Not done shuffling: When Mari Pehkonen resumed her full-time duty with the Friars last weekend, her once-constant position to the left of Sarah Feldman and Katy Beach –which had seemed to be making for an effective starting unit- was not handed back to her.

For the first four games of 2008, senior Danielle Tangredi has slipped into that role and has so far been rewarded with a near-doubled productivity level. With an assist at Niagara and a goal against Mercyhurst, Tangredi has beefed up her totals to 4-1-5 through 20 games.

Pehkonen, meantime, assumed the right wing assignment with fiery freshmen Jean O’Neill and Alyse Ruff, who had previously been sandwiching Jackie Duncan and Pamela McDevitt. Ruff started experimenting as the center of her new line and remains the Friars’ top goal-getter (10), though her new line was held pointless in the Mercyhurst series.

PC’s only line that has remained unruffled since before Christmas break –and the most productive of late- is that of Jenna Keilch, Rachel Crissy, and Cherie Hendrickson.

Quick Feeds: Team USA, featuring two Friar recruits and the coaching contributions of Bob Deraney, struck gold at the inaugural U18 World Championships, bumping Canada in the title game, 5-2, Saturday. Ashley Cottrell finished the tournament with 5 goals and assists in as many games while Kate Bacon charged up three goals and a +3 rating… Ciarletta, with a grand total of 79 saves over the two Mercyhurst games, earned her second Hockey East Defensive Player of the Week distinction of the season, previously holding it during the week of November 19…PC will begin its only other unopened season series on Sunday when it hosts Boston University. The Terriers and Friars each have the most conference action left on their table, having played 7 of 21 games apiece. BU’s 4-3-0 HEA record has it one point behind the Friars and cross-town rival Boston College as of this week.

Sunday, January 13, 2008

Mercyhurst 3, Women's Hockey 0

Rude awakening slams Friars
Scribe's Note: This report is based on CSTV's Gametracker service

A wake-up call well taken on one bench, despite taking its time to translate materially, cut off the stirring surge on the other.

One day after slapping the revered Mercyhurst Lakers with a 7-3 upshot –the visitors’ most egregious defensive drawback this season- the Friars were blanked for the first time on home ice this season, 3-0, in Part II of their last non-conference series in 2007-08. With two-thirds of their Hockey East slate still to come, they will settle for a 5-7-1 transcript in interleague action.

Laker goaltender Laura Hosier neutralized 32 shots from a Friar strike force whose skates were hardly touching the ice to start the New Year (14 goals in 3 prior games) while Danielle Ciarletta warded off her first 40 shots faced before Natalie Payne struck at 8:19 of the third period, effectively sparking a glacial meltdown for Providence.

Uncannily, Ciarletta would finish with 44 saves, one knob shy of a personal record set against these same Lakers in another bittersweet falter last season. Meanwhile, power play paralysis -14 empty shots over 9 opportunities, including two 5-on-3 stretches- stalled the Friars before Mercyhurst finally found Ciarletta’s passage code.

To start Sunday’s affair, the caged, malnourished beast that was Mercyhurst’s stratospheric scoring force reeled right out in an effort to rinse out the vinegar they tasted on Saturday. Partially bolstered by two early PC penalties, the Lakers ran up a 6-0 shot advantage within the first 2:28 of play and unleashed another two stabs before the 5-minute mark, only to see Ciarletta swallow it all.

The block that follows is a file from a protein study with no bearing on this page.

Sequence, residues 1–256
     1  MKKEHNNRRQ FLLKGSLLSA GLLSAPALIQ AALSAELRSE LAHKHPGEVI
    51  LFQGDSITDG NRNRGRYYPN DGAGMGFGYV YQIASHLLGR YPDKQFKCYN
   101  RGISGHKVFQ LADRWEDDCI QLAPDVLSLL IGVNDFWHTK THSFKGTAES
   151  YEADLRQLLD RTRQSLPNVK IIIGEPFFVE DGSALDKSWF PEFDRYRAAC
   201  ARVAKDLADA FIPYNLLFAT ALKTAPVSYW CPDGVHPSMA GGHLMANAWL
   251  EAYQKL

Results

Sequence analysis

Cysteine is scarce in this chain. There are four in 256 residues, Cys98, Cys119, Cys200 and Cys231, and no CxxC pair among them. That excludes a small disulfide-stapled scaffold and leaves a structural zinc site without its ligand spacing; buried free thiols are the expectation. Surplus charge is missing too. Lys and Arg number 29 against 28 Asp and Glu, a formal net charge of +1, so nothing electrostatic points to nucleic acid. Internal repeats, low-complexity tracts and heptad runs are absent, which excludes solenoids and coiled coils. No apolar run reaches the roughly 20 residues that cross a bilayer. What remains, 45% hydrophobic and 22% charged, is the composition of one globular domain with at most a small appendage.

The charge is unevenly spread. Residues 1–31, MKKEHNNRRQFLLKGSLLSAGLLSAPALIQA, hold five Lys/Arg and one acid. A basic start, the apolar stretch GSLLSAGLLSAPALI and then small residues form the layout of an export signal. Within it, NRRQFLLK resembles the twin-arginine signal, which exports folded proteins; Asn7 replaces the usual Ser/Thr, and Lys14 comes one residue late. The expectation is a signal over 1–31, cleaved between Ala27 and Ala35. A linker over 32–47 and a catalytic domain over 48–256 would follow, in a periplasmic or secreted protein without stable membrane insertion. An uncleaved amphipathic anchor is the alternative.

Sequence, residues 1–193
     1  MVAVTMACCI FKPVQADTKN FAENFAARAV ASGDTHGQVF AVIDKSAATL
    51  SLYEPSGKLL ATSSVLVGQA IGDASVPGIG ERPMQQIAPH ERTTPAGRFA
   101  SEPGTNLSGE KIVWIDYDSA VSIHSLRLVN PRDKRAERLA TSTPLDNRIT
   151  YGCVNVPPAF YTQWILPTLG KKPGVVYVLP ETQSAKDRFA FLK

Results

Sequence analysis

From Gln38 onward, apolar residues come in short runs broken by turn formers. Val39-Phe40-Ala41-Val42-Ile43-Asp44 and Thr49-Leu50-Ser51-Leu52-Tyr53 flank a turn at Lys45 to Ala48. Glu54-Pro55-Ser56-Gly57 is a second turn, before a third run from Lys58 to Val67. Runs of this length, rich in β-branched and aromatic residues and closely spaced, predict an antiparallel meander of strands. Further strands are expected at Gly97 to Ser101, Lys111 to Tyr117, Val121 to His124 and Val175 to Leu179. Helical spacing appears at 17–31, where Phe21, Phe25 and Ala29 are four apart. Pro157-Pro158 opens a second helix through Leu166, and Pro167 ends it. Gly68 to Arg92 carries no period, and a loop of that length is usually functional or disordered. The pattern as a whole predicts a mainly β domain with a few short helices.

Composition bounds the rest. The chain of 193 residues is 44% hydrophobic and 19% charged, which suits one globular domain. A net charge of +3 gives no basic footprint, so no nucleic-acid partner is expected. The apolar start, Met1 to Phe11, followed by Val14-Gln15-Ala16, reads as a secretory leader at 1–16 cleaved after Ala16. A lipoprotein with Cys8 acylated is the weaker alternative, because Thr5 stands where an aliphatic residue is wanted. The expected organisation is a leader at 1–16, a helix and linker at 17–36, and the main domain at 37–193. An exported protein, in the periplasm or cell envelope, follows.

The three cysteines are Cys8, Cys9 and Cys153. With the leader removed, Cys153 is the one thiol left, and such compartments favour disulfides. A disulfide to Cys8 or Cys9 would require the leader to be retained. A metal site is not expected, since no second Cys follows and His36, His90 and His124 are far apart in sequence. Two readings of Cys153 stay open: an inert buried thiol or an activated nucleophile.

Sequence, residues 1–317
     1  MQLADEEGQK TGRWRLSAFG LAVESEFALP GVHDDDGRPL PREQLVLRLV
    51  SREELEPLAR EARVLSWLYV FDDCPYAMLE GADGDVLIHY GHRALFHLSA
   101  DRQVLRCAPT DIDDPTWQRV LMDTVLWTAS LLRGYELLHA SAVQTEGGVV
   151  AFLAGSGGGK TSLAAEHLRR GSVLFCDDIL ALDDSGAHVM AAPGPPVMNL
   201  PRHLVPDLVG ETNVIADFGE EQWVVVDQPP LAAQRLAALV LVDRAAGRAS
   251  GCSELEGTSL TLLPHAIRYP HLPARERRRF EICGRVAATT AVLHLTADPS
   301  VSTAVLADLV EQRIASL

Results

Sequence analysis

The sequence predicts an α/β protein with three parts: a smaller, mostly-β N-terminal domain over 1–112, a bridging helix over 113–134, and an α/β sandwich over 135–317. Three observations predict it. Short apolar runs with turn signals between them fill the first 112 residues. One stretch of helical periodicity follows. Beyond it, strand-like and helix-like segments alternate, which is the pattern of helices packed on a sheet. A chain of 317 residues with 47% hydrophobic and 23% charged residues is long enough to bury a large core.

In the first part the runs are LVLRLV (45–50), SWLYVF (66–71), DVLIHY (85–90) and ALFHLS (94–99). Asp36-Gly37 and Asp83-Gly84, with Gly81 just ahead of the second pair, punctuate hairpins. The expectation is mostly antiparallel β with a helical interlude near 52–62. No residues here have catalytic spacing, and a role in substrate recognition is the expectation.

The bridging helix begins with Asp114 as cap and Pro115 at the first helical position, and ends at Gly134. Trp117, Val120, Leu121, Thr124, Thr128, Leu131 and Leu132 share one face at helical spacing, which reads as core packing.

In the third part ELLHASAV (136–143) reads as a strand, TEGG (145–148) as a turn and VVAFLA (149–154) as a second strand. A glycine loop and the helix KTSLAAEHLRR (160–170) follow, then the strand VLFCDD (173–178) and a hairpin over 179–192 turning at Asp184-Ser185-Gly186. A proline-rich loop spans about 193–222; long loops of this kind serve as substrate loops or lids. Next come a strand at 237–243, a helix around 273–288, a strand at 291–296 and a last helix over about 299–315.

When the Providence skaters finally pulled together and clamped down some action of their own, Mercyhurst’s discipline detonated. Within seconds of Cherie Hendrickson’s opening test of Hosier, Kristen Erickson was flagged for body-checking at 8:01, the first of four consecutive Laker infractions before the first intermission. Mercyhurst was whistled thrice more between the 14:27 and 17:12 marks.

The Friars kindled power play firestorms of three shots on their first whirl, another four on their second, and an additional two during a late ninety-four second five-on-three sequence, eventually forging a more even shooting gallery of 14-12, Mercyhurst favor, at the first buzzer. But Hosier and Ciarletta, both more than verified in their previous experience against one another’s clubs, stuck to their roots to keep things scoreless.

The middle frame took on an identical pattern to its immediate predecessor with Mercyhurst thrusting five power play shots within the first eight minutes. Later, around the halfway mark of the game, the incendiary unit of Meghan Agosta, Valerie Chouinard (game total 10 shots apiece), and Stephanie Jones, took four registered whacks at Ciarletta in one uninterrupted sequence.

But the Lakers’ restraint ran wild once more in the latter portion of the period, committing another four successive fouls in a span of 5:09. With 4:07 on the clock, only three seconds after she was released from a holding minor, Danielle Ayearst went right back off for tripping and was joined by teammate Cassea Schols (hooking) 31 seconds later.

Providence mustered three cyclonic stabs on their second two-player advantage of the game, but adjourned to the dressing still 0-0.

In the closing frame, Mercyhurst began to break away more in the shooting gallery (18-9 advantage) and hit the board when Sherilyn Fraser retrieved Erickson’s face-off win and handed it off to Payne up front, who buried the eventual winner with a suddenly slim 11:41 to spare.

Adding to the Friars’ extra-man futility, the Lakers padded on their first dollop of insurance 12 seconds into their ninth penalty kill. Swiping the disc from Sarah Feldman off the draw, the first-line centerpiece Chouinard left a rebound for Jones to tuck through.

Schols whooshed home an empty netter with 1:07 remaining to finalize the 3-0 knockout.